Gum Disease Is a Pregnancy Risk

By Temma Ehrenfeld @temmaehrenfeld
August 10, 2023
Gum Disease Is a Pregnancy Risk

Dental problems have been tied to preterm birth and low birthweight, but gum disease is something you can address. Why take the chance? Here's what you should know. 

When you’re pregnant, you see many doctors. Few people know that visiting the dentist can be essential, too.

“Dangerous bacteria from a mother’s gum infection can travel via the bloodstream and infect her unborn baby, causing all sorts of problems and even resulting in the baby’s death,” explains Susan Maples, DDS, who has practiced dentistry in Holt, Mich., for nearly 30 years. 


YOU MIGHT ALSO LIKE: Sorting Out the Crazy and Correct When It Comes to Fertility


Dental problems have been tied to preterm birth and low birthweight, although related factors may be the real problem, other researchers argue.

Why take a chance? Gum disease is a problem you can address. The key is to brush and floss daily — twice a day is even better — and get professional dental cleanings to clear out pockets in the gums around your teeth. If your gums are swollen, red, or tender, go to the dentist, fast.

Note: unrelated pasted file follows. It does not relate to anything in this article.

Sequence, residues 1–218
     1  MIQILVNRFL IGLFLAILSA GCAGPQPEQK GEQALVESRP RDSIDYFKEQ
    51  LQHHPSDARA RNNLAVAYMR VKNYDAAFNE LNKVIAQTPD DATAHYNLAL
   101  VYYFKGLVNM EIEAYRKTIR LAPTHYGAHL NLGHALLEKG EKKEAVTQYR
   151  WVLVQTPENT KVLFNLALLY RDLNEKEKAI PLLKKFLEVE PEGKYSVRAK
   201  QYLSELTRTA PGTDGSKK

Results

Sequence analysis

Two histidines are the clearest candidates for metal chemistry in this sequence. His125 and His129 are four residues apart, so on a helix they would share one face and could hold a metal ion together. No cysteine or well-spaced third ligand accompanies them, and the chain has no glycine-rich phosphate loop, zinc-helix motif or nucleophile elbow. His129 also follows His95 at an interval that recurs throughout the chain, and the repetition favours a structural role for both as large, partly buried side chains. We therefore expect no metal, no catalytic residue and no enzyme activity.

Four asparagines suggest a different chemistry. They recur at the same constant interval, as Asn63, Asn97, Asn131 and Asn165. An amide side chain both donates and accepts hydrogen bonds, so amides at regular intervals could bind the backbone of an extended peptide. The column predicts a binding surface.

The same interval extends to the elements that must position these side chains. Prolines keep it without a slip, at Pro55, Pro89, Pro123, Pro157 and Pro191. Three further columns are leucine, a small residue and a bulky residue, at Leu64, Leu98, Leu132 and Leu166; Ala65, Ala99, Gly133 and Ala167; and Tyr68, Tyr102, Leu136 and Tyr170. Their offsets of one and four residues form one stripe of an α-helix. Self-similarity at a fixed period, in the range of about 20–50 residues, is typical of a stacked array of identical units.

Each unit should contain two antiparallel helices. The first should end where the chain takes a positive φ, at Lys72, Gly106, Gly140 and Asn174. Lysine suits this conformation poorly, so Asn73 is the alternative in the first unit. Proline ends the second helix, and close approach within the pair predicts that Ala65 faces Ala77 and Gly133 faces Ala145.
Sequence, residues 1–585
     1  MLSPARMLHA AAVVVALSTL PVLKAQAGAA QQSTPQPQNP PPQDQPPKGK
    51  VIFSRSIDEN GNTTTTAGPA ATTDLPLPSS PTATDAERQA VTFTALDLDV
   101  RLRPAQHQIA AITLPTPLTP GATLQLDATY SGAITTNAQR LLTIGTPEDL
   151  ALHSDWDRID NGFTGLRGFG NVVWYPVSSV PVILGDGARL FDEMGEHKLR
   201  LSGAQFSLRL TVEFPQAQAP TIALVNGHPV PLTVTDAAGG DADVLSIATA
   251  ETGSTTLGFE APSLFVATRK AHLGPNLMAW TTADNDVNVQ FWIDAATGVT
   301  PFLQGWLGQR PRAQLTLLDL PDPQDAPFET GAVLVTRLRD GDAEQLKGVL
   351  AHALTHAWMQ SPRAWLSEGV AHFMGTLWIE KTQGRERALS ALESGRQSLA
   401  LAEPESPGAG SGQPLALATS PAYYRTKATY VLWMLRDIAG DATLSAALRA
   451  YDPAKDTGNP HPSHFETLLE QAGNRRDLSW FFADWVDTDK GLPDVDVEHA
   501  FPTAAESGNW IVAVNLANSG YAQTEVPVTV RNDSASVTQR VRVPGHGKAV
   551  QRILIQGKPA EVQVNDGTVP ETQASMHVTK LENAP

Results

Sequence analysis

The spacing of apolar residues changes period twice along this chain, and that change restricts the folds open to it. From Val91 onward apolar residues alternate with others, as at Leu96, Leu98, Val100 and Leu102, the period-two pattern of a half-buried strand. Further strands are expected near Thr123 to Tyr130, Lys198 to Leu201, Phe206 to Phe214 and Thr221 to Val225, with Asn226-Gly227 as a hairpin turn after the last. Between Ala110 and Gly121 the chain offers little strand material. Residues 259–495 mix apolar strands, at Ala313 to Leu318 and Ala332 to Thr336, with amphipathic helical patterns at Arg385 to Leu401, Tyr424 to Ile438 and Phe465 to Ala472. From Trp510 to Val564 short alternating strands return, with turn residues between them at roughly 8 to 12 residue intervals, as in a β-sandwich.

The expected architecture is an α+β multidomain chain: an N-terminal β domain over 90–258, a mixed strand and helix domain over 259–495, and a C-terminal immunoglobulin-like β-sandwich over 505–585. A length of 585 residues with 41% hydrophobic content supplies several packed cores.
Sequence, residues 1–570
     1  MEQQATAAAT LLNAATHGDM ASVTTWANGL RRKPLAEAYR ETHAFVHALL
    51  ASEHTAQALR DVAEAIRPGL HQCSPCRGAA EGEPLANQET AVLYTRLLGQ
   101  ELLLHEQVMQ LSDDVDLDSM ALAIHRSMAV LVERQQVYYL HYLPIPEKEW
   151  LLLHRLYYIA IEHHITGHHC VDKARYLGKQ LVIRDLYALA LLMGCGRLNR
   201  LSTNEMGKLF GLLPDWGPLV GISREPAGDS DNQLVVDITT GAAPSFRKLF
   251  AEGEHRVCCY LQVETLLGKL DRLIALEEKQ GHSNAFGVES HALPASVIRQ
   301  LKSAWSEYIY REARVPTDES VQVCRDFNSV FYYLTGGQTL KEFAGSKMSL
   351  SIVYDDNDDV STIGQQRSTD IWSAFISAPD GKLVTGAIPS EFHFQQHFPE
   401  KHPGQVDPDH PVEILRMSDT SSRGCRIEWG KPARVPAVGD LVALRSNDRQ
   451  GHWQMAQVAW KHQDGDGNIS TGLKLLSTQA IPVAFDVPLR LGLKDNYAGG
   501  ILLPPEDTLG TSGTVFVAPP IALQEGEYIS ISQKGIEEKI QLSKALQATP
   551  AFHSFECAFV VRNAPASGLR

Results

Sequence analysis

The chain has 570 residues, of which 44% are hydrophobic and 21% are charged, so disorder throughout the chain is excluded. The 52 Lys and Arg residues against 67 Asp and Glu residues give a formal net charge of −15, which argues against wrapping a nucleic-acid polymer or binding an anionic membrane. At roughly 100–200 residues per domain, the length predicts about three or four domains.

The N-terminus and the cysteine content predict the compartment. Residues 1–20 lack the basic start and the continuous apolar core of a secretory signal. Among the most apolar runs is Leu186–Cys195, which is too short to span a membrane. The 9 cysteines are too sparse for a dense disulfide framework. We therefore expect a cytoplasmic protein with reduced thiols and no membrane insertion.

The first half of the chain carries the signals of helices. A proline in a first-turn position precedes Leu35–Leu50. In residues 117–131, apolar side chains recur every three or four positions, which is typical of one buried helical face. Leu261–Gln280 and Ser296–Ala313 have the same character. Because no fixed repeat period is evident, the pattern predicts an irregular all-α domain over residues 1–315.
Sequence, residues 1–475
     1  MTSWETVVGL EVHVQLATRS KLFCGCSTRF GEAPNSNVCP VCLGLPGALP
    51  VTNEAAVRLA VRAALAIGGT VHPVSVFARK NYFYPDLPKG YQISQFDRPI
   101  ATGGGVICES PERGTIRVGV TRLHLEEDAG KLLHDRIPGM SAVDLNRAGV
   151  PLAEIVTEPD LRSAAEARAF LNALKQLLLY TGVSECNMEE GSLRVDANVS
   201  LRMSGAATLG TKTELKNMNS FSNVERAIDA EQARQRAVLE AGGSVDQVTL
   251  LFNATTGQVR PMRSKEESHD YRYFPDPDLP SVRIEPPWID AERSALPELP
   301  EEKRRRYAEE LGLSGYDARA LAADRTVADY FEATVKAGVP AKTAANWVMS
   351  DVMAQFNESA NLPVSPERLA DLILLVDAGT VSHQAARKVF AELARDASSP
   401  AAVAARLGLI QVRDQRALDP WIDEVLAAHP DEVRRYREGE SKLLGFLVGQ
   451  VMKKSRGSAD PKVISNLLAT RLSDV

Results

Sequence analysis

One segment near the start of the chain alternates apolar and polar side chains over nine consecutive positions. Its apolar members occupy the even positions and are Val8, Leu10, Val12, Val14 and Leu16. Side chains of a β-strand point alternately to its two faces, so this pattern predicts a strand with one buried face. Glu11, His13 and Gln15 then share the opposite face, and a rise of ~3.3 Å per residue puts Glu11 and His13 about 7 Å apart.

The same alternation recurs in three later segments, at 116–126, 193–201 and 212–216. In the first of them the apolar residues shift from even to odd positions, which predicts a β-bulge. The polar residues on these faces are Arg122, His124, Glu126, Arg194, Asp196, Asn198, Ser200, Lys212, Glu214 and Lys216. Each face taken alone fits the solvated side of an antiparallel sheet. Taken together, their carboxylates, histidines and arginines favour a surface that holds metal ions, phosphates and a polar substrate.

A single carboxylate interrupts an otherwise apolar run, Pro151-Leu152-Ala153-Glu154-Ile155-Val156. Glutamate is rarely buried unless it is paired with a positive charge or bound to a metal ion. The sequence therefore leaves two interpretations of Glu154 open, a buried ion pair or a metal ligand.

Don’t wait until you’re pregnant. Gum disease may also affect conception. One study concluded that women with gum disease took two months longer to get pregnant. Obesity also hurts fertility, by about the same amount. 

Pregnancy gingivitis usually appears between the second and eighth month of pregnancy. You may notice that your gums look redder and bleed a little when you brush your teeth, or that your gums look swollen.

You should also get a C-reactive protein (CRP) test. Gum problems may cause high levels of CRP and lead to complications in pregnancy. 

During the second trimester, you may notice a lump on your gums with deep red dots, usually near your upper gum line. It can glisten, bleed, and crust over. These lumps have been called “tumors,” although they’re not cancer but an inflammatory reaction to an irritation on your gums.

A lump may also be called a pyogenic granuloma, granuloma of pregnancy, lobular capillary hemangioma, or pregnancy epulis. Don’t panic. The lumps often disappear after the baby’s birth. But they may indicate gingivitis.

Many women worry about whether it’s safe to take local anesthetics for dental work when they’re pregnant. Dentists usually use lidocaine, which does pass through your placenta, but it is considered non-toxic to the developing baby. Lidocaine is also frequently used to block pain during labor when you get an “epidural” shot. 


YOU MIGHT ALSO LIKE: Our Pregnancy and Childbirth section


August 10, 2023

Reviewed By:  

Janet O’Dell, RN